Steve Smith's 687 runs were one clear point of difference between the two sides in the Ashes but the Australia captain was happier to talk about his bowlers after wrapping up a 4-0 series triumph on Monday.
The 28-year-old batsman looked all but immovable at the crease at times during the series and three centuries, one a double and two unbeaten, left him with an average of 137.4 and his status as the world's best batsman intact.
His own particular style, shuffling back and forwards across the crease, paid huge dividends but he said he had been pleased with how all the Australian batsmen, who backed him up with six more centuries, had measured their innings.
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"At times we had to bat for a little bit longer for the runs that we wanted. It was a series of patience and perhaps our batters had better patience throughout the series," he said.
"One thing this team’s done really well this series, they’ve adapted to different tempos in the game, different situations in the game and it’s been pleasing to see the way the batting group has progressed.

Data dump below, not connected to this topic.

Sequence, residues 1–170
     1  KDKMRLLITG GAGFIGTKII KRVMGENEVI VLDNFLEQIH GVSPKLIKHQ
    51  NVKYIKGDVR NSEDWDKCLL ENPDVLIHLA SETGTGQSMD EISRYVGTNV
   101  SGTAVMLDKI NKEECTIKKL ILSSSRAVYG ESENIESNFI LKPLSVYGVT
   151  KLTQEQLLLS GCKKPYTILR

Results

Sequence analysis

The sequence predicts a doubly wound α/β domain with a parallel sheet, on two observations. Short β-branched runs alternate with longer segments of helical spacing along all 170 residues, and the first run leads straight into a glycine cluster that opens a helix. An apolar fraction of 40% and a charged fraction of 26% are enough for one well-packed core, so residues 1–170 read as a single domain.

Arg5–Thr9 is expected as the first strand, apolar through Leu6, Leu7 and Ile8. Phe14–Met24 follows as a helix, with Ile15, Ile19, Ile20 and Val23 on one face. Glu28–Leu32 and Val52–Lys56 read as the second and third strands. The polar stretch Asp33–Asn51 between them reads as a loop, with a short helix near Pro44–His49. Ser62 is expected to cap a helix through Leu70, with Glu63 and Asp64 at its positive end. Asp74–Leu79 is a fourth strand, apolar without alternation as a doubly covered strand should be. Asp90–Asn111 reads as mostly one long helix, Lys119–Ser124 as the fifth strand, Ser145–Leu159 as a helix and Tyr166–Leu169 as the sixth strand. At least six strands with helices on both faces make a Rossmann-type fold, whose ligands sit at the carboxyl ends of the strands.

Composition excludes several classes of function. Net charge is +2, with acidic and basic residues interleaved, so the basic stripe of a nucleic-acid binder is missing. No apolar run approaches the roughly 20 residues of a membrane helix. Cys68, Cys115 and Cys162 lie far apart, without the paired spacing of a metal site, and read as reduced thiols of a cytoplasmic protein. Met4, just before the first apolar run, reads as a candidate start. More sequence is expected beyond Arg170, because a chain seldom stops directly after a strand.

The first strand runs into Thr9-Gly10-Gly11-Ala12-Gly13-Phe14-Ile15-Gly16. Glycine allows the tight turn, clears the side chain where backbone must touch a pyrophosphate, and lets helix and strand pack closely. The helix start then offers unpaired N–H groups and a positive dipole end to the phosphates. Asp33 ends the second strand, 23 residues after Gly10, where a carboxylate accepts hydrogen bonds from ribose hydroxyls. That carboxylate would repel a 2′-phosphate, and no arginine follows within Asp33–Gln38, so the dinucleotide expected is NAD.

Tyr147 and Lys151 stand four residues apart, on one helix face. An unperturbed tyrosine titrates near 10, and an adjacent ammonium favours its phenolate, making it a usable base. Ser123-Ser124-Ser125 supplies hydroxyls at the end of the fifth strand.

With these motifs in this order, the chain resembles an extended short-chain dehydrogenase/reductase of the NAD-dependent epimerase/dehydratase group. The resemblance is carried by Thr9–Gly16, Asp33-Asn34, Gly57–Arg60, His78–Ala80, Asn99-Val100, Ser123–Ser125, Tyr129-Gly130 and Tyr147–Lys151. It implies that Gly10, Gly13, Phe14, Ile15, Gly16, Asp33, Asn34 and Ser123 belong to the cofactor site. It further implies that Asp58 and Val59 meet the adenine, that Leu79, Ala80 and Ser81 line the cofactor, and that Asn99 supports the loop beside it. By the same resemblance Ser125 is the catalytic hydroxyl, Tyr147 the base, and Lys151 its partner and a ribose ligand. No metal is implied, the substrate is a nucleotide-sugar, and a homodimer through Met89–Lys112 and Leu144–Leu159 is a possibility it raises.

"Looking at the series as a whole, England had their foot in the door in most Test matches but we just won the key moments in the games and didn't let England back into the games, which was crucial. I was really pleased that we were able to do that."
Smith was not about to forget the contribution of the bowlers, especially after all three quicks and spinner Nathan Lyon took more than 20 wickets each and they bowled out England every time the tourists went out to bat.
"I think all the bowlers did an exceptional job," Smith added.
"Each of our bowlers have over 20 wickets which showed that the guys have bowled together as a group, bowled in partnerships, bowled for one another and helped us take the 80 wickets that we've needed to take four Test matches.
"Nathan has been exceptional with that as well, the way he's bowled and the consistency he's had has been outstanding."
Smith said one of the pleasing things about the series had been the way everybody in the side had contributed, from the batting of the Marsh brothers to Lyon's direct hit to run out James Vince in the first Test in Brisbane.
"For me the moment that changed the whole series was Nathan Lyon and his run out at the Gabba, that was such a huge moment in the series and those sorts of plays can change a series and I think that was a series-changing moment," he said.